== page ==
Visiting the Jacques Cartier Bridge / Pont Jacques-Cartier: Historic Structure Linking Montreal and Longueuil, Quebec
Recalling the Brooklyn Bridge, NYC?
Opened in 1930, the Jacques Cartier Bridge / Pont Jacques-Cartier (1), spanning the Saint Lawrence / Saint-Laurent (2), was not actually named until 1934 for the great French explorer of North America with whose name the structure is now inextricably linked (1491-1557).
Stretching nearly 3 kilometres, and attaining 104 metres at its highest point, it was a great feat of engineering which is still among the busiest of bridges in Canada.
It has long been one of the defining sights of Montreal. When in 1930 the R-100 airship visited the city, the Jacques Cartier Bridge / Pont Jacques-Cartier (as it was subsequently known) served as an iconic backdrop to the historic visit (see photo, below).
Originally the Jacques Cartier Bridge / Pont Jacques-Cartier was a toll crossing for vehicles and pedestrians, but the tolls were discontinued in 1962.
Executed in 33,267 tons of steel, and with construction having begun in 1925, this cantilever structure was the work of the Monsarrat & Pratley civil engineering partnership (3), which specialized in many significant bridge-building projects.
In some ways, at what was previously Canada's largest city, the Jacques Cartier Bridge / Pont Jacques-Cartier would correspond roughly to the Brooklyn Bridge, New York City, NY (although the latter bridge is older).
May 14, 2018
(1) See also: http://pontjacquescartierbridge.ca/en/
(2) Île Sainte-Hélène / Saint Helen's Island is situated midway across the bridge.
(3) Charles Monsarrat (1871-1940) formed an engineering partnership with Philip Pratley (1884-1958); other projects for which the company was responsible included the Lions Gate Bridge, Vancouver, BC, the Angus L. MacDonald Bridge, Halifax, NS, and the Burlington Bay Skyway Bridge, ON.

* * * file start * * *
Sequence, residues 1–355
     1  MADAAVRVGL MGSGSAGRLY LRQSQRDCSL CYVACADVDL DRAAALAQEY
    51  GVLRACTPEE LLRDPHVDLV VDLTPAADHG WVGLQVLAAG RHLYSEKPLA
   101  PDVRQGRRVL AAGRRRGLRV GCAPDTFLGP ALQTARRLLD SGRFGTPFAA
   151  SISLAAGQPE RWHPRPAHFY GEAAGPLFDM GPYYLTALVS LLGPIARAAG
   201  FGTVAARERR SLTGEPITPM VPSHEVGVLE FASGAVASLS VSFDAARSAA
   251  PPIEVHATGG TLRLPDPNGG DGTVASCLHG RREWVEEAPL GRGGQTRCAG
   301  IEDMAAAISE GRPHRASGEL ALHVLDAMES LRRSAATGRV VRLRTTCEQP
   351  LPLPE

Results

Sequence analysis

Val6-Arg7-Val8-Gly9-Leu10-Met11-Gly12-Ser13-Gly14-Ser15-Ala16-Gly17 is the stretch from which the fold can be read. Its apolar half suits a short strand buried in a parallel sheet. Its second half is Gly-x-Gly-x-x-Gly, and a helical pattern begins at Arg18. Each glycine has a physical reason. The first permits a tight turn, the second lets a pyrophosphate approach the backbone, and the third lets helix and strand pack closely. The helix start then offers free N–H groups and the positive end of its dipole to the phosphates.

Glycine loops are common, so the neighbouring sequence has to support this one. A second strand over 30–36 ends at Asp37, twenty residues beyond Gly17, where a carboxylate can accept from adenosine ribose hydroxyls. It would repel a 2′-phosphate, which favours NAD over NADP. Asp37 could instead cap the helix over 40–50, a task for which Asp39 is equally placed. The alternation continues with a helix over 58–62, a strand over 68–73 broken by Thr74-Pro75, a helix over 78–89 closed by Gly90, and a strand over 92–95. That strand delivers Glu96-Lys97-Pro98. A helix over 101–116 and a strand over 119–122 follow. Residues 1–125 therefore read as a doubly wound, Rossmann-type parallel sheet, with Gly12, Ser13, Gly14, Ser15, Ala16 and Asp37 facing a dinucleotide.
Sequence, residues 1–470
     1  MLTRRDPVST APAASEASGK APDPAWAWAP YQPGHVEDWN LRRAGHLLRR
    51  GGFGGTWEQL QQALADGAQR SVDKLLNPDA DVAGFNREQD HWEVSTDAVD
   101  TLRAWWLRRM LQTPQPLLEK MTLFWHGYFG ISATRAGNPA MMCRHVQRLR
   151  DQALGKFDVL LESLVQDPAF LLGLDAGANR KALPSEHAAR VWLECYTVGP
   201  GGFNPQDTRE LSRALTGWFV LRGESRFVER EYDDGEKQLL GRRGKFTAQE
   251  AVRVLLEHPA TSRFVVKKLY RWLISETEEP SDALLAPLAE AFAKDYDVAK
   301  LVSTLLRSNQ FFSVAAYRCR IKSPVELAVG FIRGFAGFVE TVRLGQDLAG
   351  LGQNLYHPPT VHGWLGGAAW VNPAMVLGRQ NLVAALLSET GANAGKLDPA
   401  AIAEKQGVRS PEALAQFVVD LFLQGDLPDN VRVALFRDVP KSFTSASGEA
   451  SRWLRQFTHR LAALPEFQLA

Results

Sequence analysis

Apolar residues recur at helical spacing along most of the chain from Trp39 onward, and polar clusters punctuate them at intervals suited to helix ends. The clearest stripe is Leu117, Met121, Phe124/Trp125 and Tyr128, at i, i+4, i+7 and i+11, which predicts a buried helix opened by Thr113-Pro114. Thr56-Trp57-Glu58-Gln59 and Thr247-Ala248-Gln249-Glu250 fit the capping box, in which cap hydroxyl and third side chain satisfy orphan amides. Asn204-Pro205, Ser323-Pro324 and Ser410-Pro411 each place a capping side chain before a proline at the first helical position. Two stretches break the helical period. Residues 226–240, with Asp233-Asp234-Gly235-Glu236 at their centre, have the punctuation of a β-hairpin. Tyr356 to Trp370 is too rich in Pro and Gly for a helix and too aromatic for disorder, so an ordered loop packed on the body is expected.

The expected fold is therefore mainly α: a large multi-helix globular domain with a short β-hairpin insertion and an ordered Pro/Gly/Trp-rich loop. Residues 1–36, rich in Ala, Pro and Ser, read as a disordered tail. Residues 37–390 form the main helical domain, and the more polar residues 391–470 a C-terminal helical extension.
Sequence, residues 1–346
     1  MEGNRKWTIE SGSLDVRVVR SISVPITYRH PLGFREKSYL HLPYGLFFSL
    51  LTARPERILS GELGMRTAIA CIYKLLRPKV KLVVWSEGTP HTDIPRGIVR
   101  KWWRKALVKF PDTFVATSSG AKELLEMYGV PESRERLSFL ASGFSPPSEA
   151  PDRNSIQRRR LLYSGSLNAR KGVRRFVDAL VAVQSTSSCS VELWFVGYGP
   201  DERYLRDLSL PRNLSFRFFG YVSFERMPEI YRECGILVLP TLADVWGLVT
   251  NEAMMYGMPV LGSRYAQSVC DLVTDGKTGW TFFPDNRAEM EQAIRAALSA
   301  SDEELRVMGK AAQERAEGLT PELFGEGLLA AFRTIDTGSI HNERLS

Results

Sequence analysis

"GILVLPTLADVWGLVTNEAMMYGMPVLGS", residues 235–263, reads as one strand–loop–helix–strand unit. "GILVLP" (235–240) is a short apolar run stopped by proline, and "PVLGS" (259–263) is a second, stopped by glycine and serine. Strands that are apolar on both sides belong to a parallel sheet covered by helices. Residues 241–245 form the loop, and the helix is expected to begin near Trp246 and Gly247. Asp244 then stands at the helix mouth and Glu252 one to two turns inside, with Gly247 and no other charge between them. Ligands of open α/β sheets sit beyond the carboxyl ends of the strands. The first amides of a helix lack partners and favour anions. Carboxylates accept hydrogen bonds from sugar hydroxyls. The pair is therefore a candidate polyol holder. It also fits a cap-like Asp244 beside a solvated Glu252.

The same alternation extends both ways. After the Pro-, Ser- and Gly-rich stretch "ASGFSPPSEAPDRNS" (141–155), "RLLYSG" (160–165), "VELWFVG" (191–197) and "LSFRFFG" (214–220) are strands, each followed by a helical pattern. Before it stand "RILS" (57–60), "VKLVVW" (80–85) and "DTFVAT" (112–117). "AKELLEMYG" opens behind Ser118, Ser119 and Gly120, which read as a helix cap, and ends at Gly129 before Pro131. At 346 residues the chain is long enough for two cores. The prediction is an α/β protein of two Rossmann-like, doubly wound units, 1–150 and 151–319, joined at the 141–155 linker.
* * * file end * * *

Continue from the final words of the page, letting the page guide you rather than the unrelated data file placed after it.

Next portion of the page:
Some sourcing: Wikipedia
Also worth seeing
The architectural and cultural attractions of Montreal are too numerous to mention here, but of special note, among many others, are the domed Bonsecours Market (Marché Bonsecours ), dating from 1847, which was a venue used to house the Parliament of United Canada, prior to Confederation. The Notre-Dame Basilica (Basilique Notre-Dame de Montréal ) was built mainly between 1824 and 1829; many Montrealers attend annual performances of Handel's 'Messiah' there. Fine views from Mount Royal (Mont Royal) may be obtained at St. Joseph's Oratory (Oratoire Saint-Joseph) and the Belvedere (Belvédère). The Olympic Stadium (Stade Olympique ) in the Hochelaga-Maisonneuve district, used for the 1976 Olympics, has the the world's tallest inclined tower, at 175 metres.
Mont-Tremblant (distance: 133 kilometres), in the Laurentian Mountains (Laurentides ) is ideal for scenic excursions, golf and skiing; its boutiques attract many shoppers.
How to get there: Air Canada flies to Montreal (Aéroport international Pierre-Elliott-Trudeau de Montréal ) from Toronto-Pearson, and from New York-Newark and New York-La Guardia, with wide connections. A number of car rental companies offer service at Montreal-Trudeau airport. VIA Rail maintains regular services with Toronto and Windsor. Route 134 passes over the Jacques Cartier Bridge / Pont Jacques-Cartier. Please check with the airline or your travel agent for up to date information.
MJFenn is an independent travel writer based in Ontario, Canada.
Also worth seeing
- Visiting Mount Royal: Commanding Views of Montreal, Quebec
From Mount Royal — and particularly from the Belvedere — may be obtained fine vistas of a great North American city on the St. Lawrence River.
- Visiting Longueuil's Saint-Antoine-de-Padoue Co-Cathedral, Québec: A Study in Gothic Verticality
With a profusion of typically Gothic features such as pinnacles and arches, Longueuil's Co-Cathedral has been a very conspicuous landmark since the late 19th century.